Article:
Thursday, January 16, 2014

Window function in SQL Server with an example

Windows functions in SQL Server's T-SQL is not related to the Windows operating system but the kind of more detailed ordering (and all the calculations you can do with the ordered set) than you can get by using the regular Group By clause. Windows functions are obviously much more powerful than what you get by mere grouping and subqueries.

The following windows functions were introduced in SQL Server 2005:
Row_Number
Rank
Dense_Rank
NTILE


These are enhanced in SQL Server 2012 by providing that provide better analytics,

  • Windows Order and Frame clauses
  • Windows Offset functions
  (Lag, Lead, First_Value, Last_value)
  • Windows distribution functions
  (Percent-Rank, Cume_Dist, Percentile_Disc and Percentile_Cont)

Conceptually it is as if you have created a window of rows to which you apply some processing and the result is returned in a single row as related to the windowed rows). You define the window in which the processing takes place by the clause OVER.

The following example is using the Orders and Order Details table in Northwind database. If you need a copy of Northwind follow this link:

The following query when run to get raw data,

Get raw filtered data

[Order Details].OrderID, Cast((Orders.OrderDate) as nvarchar(12)) as 'Order Date', [Order Details].Quantity
FROM            [Order Details] INNER JOIN
                         Orders ON [Order Details].OrderID = Orders.OrderID and [Order Details].OrderID <=10253

Returns the following:

OrderID     Order Date   Quantity
----------- ------------ --------
10248       Jul  4 1996  12
10248       Jul  4 1996  10
10248       Jul  4 1996  5
10249       Jul  5 1996  9
10249       Jul  5 1996  40
10250       Jul  8 1996  10
10250       Jul  8 1996  35
10250       Jul  8 1996  15
10251       Jul  8 1996  6
10251       Jul  8 1996  15
10251       Jul  8 1996  20
10252       Jul  9 1996  40
10252       Jul  9 1996  25
10252       Jul  9 1996  40
10253       Jul 10 1996  20
10253       Jul 10 1996  42
10253       Jul 10 1996  40

(17 row(s) affected)

Using Group BY clause:
There are groups (17 rows are in 6 groups) and for these groups we can find the sum of quantity orderd like in,

Select   [Order Details].OrderID, SUM([Order Details].Quantity) as 'QUAN'
FROM            [Order Details] INNER JOIN
                         Orders ON [Order Details].OrderID = Orders.OrderID and [Order Details].OrderID <=10253
                         group by  [Order Details].OrderID

the rows returned are,
OrderID     QUAN
----------- -----------
10248       27
10249       49
10250       60
10251       41
10252       105
10253       102

(6 row(s) affected)

Using the Rank() function

Now we can rank the value Quan and show they are ranked using the Rank() function as in the following:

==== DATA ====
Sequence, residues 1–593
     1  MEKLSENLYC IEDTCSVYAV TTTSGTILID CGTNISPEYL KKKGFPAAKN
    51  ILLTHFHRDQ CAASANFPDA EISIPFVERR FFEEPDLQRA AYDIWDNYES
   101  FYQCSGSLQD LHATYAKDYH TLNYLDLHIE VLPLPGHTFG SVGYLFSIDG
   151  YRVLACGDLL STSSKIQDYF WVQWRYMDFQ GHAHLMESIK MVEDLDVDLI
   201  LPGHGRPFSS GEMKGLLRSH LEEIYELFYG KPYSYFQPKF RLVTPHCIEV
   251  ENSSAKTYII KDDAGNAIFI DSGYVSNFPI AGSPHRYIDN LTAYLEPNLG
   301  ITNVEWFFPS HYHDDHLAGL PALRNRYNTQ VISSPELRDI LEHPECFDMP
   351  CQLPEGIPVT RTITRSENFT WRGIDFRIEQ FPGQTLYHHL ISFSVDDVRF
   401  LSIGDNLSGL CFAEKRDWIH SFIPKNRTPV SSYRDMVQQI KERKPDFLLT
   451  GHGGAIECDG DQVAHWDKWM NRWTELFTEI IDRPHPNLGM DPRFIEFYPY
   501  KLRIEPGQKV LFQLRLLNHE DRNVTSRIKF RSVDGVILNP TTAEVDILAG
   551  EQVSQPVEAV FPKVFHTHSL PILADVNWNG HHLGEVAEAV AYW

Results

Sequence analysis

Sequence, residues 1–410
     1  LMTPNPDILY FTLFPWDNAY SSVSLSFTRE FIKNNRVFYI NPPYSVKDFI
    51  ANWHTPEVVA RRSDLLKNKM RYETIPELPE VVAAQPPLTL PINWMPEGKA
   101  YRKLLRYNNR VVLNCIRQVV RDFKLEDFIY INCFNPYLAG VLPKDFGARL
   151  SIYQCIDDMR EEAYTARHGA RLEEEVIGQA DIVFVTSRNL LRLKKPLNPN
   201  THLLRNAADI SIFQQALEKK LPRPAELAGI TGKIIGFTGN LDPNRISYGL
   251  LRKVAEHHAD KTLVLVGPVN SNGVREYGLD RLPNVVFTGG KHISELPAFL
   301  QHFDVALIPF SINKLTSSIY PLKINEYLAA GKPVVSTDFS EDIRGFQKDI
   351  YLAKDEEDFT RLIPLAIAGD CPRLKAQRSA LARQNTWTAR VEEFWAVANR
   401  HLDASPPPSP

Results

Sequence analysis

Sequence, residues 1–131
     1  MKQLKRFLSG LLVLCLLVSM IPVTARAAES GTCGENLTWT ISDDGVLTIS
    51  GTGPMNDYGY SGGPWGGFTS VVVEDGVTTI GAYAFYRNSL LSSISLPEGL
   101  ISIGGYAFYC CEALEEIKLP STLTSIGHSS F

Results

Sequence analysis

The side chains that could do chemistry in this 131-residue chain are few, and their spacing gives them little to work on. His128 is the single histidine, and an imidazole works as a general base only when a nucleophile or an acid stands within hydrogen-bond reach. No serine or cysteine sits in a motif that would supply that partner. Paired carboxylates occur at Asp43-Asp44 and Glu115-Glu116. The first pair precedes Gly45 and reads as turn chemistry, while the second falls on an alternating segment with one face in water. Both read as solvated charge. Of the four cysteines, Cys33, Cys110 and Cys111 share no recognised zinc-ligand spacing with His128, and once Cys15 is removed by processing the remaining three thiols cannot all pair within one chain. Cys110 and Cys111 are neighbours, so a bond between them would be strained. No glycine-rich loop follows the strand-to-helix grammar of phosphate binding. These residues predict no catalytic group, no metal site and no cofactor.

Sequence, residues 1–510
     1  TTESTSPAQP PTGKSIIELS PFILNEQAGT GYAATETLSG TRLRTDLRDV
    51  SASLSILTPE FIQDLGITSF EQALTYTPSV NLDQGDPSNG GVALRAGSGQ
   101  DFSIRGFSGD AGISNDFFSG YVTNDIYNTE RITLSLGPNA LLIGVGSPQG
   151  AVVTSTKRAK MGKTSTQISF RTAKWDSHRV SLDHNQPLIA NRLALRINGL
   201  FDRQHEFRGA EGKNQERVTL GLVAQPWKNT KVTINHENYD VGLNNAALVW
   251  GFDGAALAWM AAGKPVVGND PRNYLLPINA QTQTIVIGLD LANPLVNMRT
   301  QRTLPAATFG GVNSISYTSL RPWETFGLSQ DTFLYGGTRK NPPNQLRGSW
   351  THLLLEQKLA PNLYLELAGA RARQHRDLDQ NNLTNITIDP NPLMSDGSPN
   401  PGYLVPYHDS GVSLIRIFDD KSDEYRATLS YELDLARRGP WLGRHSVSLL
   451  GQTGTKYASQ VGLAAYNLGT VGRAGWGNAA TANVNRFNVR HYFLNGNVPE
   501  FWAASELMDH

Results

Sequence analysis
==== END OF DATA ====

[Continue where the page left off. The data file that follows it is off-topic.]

Select   [Order Details].OrderID,
         SUM([Order Details].Quantity) as 'QUAN',
        RANK() OVER (ORDER BY SUM([Order Details].Quantity)) as RankQuan
FROM            [Order Details] INNER JOIN
                         Orders ON [Order Details].OrderID = Orders.OrderID and [Order Details].OrderID <=10253
                         group by  [Order Details].OrderID

We have a new column produced by,
 RANK() OVER (ORDER BY SUM([Order Details].Quantity)) as RankQuan
which really shows how the rank is evaluated providing a rank for each row.

The response to the above is,

OrderID     QUAN        RankQuan
----------- ----------- --------------------
10248       27          1
10251       41          2
10249       49          3
10250       60          4
10253       102         5
10252       105         6

(6 row(s) affected)

As you notice the Rank() function took care of ordering as well in addition to ranking them.



Use Rank() function one more time:

Let us modify the query further
(and answer the questions whether one can use another Rank() function.

Select   [Order Details].OrderID,
         SUM([Order Details].Quantity) as 'QUAN',
        RANK() OVER (ORDER BY SUM([Order Details].Quantity)) as RankQuan,
        Rank() OVER (ORDER BY [Order Details].OrderID) as 'OrdIDRank'
FROM       [Order Details]        INNER JOIN
                         Orders ON [Order Details].OrderID = Orders.OrderID and [Order Details].OrderID <=10253
                         group by  [Order Details].OrderID

The response is as follows:
OrderID     QUAN        RankQuan             OrdIDRank
----------- ----------- -------------------- --------------------
10248       27          1                    1
10249       49          3                    2
10250       60          4                    3
10251       41          2                    4
10252       105         6                    5
10253       102         5                    6

(6 row(s) affected)

You can see that this has not affected the RankQuan except that the ordering in the final rank gets ordered consequitively.